We see no record of ungodly cursing and swearing in Genesis 3, but vainly taking God’s name is more than just pronouncing a word or phrase in a fit of pique. It is to disrespect Him, to speak ill of Him, to despise His character. His name means I AM, the self-existing One, the One who cannot be ignored or side-lined. Yet this is exactly what our first parents did. Likewise, those who deny Jesus Christ’s saving work and mission deny His name- the One who saves- and therefore takes it vainly.

8 “Remember the Sabbath day, to keep it holy. 9 Six days you shall labour, and do all your work, 10 but the seventh day is a Sabbath to the Lord your God. On it you shall not do any work, you, or your son, or your daughter, your male servant, or your female servant, or your livestock, or the sojourner who is within your gates. 11 For in six days the Lord made heaven and earth, the sea, and all that is in them, and rested on the seventh day. Therefore the Lord blessed the Sabbath day and made it holy.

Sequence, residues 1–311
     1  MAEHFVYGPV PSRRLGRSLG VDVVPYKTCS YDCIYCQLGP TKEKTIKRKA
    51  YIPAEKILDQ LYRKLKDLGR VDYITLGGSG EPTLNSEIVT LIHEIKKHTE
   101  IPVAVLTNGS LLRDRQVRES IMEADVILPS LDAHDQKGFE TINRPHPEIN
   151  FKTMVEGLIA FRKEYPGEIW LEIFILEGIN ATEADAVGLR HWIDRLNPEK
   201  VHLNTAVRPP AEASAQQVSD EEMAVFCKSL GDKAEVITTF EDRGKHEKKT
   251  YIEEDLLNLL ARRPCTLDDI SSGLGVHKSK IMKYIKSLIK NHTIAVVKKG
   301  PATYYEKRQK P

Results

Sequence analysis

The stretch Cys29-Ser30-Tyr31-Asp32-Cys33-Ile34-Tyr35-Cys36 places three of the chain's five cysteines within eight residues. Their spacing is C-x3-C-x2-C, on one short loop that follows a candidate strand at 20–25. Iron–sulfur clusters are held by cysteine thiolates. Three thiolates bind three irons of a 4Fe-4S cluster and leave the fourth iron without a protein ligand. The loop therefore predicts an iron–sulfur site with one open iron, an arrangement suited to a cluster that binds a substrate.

The sabbath day was instituted at creation; it is a day with which Adam and Eve would have been familiar. Adam was set to work in the garden by managing the earth, with Eve assisting him. Doubtless, the sabbath day was a welcome break even from this most rewarding of occupations. There is no evidence in the text that they took the fruit on the Sabbath, and I do not think it would have made any difference if they had. Yet their work lives were significantly affected by their rebellious actions. Whereas Adam’s work and purpose was to manage the earth in all its splendour and beauty, after the fall it became an urgent and necessary means of survival. He must now persuade the earth to yield its fruit by the sweat of his brow, while fighting thistle and briar. Originally made to serve God and wait on His majesty, he was demoted to the rank of serf, tied to the land, toiling for his bread.